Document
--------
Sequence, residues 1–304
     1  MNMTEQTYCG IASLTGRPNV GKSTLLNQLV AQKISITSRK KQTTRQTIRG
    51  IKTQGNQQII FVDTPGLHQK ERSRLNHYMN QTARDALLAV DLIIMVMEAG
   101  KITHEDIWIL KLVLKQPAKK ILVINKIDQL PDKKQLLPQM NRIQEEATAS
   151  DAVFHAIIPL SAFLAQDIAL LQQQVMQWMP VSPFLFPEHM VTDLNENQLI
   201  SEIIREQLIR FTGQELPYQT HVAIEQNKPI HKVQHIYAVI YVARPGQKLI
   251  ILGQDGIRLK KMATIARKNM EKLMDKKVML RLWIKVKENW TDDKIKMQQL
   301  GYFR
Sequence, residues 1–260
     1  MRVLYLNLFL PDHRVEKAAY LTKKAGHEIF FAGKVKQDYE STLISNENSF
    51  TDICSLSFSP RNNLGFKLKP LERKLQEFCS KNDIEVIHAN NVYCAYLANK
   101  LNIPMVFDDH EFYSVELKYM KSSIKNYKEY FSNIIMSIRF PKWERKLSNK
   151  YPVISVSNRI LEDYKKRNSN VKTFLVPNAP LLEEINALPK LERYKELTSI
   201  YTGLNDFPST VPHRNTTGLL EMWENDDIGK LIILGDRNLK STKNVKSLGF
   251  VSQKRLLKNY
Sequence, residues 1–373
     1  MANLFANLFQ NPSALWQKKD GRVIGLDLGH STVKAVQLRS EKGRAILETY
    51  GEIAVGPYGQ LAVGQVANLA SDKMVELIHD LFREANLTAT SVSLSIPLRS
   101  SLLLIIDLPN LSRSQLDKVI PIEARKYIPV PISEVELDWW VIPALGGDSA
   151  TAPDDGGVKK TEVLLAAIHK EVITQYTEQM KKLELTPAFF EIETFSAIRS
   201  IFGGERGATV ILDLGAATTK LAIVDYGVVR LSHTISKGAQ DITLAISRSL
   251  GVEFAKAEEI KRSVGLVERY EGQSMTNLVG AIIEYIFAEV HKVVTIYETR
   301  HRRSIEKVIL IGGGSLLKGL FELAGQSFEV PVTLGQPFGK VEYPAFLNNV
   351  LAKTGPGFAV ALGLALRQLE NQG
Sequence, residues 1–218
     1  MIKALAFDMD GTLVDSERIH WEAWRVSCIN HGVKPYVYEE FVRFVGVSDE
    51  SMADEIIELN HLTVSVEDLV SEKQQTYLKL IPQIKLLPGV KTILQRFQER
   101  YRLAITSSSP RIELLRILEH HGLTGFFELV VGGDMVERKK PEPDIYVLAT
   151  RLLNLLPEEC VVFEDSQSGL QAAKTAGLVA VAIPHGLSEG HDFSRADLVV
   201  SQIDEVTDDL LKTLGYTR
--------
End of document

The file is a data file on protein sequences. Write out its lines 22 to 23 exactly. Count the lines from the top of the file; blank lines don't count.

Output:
   251  GVEFAKAEEI KRSVGLVERY EGQSMTNLVG AIIEYIFAEV HKVVTIYETR
   301  HRRSIEKVIL IGGGSLLKGL FELAGQSFEV PVTLGQPFGK VEYPAFLNNV